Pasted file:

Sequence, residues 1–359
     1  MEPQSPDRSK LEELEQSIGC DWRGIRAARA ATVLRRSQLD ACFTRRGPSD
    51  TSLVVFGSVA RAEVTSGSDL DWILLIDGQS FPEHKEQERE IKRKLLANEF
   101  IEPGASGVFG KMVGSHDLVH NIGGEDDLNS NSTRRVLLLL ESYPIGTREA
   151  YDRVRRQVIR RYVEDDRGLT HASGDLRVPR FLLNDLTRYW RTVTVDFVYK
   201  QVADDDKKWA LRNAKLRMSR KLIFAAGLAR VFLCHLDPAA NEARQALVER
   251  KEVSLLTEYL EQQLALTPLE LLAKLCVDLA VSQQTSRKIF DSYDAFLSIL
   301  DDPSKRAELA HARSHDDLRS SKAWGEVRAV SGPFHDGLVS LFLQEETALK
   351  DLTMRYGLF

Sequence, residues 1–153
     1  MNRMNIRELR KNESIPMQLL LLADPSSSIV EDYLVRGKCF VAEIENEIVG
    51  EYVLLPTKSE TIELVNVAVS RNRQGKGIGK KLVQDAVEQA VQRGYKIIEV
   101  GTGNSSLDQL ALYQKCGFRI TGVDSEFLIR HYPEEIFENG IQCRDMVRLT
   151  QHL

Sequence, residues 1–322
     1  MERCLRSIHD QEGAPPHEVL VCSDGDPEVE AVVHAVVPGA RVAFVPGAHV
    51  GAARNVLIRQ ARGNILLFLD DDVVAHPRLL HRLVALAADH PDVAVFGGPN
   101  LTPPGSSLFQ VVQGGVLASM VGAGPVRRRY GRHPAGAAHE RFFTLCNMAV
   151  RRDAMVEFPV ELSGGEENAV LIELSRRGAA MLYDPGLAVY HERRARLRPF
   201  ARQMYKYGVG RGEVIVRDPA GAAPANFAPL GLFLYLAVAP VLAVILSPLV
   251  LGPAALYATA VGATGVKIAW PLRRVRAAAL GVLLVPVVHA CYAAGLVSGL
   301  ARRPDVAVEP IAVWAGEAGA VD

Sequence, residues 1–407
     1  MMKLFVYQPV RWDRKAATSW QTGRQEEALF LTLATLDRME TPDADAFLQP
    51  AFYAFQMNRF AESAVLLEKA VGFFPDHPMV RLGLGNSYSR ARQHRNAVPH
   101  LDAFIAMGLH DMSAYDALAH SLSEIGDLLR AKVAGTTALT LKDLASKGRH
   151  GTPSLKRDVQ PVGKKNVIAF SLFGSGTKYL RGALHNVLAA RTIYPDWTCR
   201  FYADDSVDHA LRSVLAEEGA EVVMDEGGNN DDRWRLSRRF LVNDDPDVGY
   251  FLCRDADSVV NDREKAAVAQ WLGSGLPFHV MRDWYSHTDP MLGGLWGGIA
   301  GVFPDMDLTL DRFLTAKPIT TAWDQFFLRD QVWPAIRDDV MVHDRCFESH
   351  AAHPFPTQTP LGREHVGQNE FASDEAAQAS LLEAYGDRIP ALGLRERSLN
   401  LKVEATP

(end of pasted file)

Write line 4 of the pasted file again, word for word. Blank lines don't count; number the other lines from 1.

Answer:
   101  IEPGASGVFG KMVGSHDLVH NIGGEDDLNS NSTRRVLLLL ESYPIGTREA